Temporomandibular disorders (TMD) affect a substantial percentage of the population, and the resources spent on their treatment are considerable. Despite the worldwide efforts around Tissue Engineering of the temporomandibular joint (TMJ) disc, a proper implant offering a long-term solution for TMD was not yet developed. To contribute to these efforts, this work is focused on the research and development of implants for TMJ disc regeneration. Scaffolds and hydrogels mimicking the TMJ disc of black Merino sheep were produced using different materials, poly(ε-caprolactone) (PCL) and poly(ethylene glycol) diacrylate (PEGDA), and as a multi-material structure. Different parameters of the scaffold manufacturing were assessed: the influence of processing temperatures, filament diameter, and biological environment. Moreover, two multi-material approaches were also assessed, scaffold with a hydrogel shell and scaffold with a hydrogel core. It was found that increasing temperature, the scaffolds' porosity decreases, increasing their compressive modulus. Decreasing the filament size (300 to 200 μm) decreases the compressive modulus to almost half of the initial value. Scaffolds with 200 μm filaments are the ones with a closer modulus to the native disc and their properties are maintained under hydrated conditions. The introduction of a hydrogel core in these scaffolds presented better mechanical properties to TMJ disc substitution.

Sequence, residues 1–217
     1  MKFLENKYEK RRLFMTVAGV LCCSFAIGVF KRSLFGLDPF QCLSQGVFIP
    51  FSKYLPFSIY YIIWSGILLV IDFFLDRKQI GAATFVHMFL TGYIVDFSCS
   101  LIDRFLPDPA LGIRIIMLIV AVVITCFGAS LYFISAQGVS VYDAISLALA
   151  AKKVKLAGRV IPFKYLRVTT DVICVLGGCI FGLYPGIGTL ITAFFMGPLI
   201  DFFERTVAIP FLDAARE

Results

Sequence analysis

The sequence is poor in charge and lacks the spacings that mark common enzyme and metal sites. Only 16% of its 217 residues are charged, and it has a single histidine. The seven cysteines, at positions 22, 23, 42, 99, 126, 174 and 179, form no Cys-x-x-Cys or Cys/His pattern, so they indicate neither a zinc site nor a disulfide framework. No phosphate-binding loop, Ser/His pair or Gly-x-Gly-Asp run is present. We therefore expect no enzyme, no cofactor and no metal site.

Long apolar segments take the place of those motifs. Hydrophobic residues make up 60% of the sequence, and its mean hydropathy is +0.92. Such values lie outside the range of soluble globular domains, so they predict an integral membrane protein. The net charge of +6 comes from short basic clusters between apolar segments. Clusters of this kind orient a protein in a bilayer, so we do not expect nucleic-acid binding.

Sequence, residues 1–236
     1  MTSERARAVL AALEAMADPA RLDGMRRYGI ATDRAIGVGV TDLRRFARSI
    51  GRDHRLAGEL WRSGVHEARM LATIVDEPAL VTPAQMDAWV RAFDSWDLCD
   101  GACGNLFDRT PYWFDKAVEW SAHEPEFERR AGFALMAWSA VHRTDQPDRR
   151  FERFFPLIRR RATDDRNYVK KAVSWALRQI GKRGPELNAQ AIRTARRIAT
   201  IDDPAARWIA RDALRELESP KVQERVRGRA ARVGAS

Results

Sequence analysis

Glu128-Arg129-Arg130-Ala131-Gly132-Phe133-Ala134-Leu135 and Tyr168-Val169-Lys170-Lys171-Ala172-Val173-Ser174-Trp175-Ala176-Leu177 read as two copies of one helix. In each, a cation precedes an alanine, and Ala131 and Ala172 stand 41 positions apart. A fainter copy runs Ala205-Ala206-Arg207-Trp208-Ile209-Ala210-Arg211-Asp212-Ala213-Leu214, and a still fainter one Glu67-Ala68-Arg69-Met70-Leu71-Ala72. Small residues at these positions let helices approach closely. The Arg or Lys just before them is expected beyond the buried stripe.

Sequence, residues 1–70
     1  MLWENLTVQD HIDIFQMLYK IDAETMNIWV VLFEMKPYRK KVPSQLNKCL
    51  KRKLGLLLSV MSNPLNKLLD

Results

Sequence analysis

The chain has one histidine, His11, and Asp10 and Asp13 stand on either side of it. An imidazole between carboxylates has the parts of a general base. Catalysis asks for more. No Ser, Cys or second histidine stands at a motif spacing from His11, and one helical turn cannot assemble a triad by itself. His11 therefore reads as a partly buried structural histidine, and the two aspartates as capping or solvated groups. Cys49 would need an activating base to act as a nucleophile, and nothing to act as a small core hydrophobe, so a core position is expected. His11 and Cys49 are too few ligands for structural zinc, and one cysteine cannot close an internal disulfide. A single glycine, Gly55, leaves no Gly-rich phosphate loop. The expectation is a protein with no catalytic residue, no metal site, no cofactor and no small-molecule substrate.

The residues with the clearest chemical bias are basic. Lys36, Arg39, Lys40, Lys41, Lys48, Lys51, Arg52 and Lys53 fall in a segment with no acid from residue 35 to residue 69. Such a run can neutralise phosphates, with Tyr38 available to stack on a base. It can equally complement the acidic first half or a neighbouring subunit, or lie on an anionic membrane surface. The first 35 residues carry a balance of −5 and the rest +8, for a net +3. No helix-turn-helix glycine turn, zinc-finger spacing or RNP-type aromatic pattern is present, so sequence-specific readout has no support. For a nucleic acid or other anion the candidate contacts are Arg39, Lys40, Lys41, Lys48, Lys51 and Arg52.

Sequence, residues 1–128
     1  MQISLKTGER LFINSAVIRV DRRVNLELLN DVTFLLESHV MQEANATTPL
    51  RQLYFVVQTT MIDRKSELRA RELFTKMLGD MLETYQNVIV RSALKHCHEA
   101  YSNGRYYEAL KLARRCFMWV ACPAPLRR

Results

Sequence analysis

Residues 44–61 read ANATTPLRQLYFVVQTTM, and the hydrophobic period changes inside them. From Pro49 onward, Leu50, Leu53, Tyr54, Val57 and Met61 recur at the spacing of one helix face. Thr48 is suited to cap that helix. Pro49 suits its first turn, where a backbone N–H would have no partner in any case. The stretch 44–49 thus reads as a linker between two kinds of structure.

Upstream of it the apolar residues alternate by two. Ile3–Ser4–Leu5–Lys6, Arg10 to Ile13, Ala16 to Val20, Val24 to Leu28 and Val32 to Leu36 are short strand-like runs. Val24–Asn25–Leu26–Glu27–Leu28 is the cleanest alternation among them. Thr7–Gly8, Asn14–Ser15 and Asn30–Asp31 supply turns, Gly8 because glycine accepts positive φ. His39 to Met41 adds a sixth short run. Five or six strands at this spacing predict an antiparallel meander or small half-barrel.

Keywords: Poly(ethylene glycol) diacrylate; Poly(ε-caprolactone); multi-material structures; processing conditions; temporomandibular joint disc.
Copyright © 2020 Moura, Trindade, Vieira, Francisco, Ângelo and Alves.